A quick word of warning, however.  Many of the sources I’ll be citing in this post also date from earlier eras, and thus have a great deal of offensive material in them.  There are words that appear here which would likely incite violence if used lightly today, so please understand that I present them here as a piece of the folklore to which they belong.  Just as a smart modern magician finds a reasonable substitution for liquid quicksilver/mercury (and thus avoids madness and poisoning), a wise student of folklore and folk magic remembers that just because a sentiment appears in print doesn’t make it right or appropriate.

There, now let’s move on to some of the good stuff about rabbits’ feet.

Catherine Yronwode provides information on the rabbit’s foot on her Lucky W Amulet Archive, describing  the foot as catalogue offerings from the early-to-mid twentieth century:

As for the foot itself, a circa-1940 mail order catalogue from the Standard O and B Supply Company, a Chicago-based distributor of African-American hoodoo material, offered undyed rabbit foot charms “made with a metal band and a link to attach on chain.” The Johnson-Smith Novelty Company offered identical charms in its 1941 catalogue. The advertisement shown here goes these one better and promises a free vial of Van Van oil with each rabbit’s foot; the formula is a Louisiana hoodoo favourite that “clears away that evil mess” and increases the strength of any good luck charm to which it is applied. Since none of the older catalogues or ads mention any colour when describing rabbit’s foot charms, it can be assumed that the items were undyed and came only in natural tan or white.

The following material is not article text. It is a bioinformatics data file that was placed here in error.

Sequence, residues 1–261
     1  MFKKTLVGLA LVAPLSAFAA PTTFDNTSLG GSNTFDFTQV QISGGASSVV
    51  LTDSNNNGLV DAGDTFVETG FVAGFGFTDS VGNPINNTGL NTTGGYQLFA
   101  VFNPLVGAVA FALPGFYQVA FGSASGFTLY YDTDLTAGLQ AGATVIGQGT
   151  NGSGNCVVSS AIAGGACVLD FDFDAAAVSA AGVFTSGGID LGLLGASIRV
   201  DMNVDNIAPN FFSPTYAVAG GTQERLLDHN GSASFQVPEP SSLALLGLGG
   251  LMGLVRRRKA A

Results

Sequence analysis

She goes on to talk about her uncertainty regarding why a rabbit’s foot might be so lucky: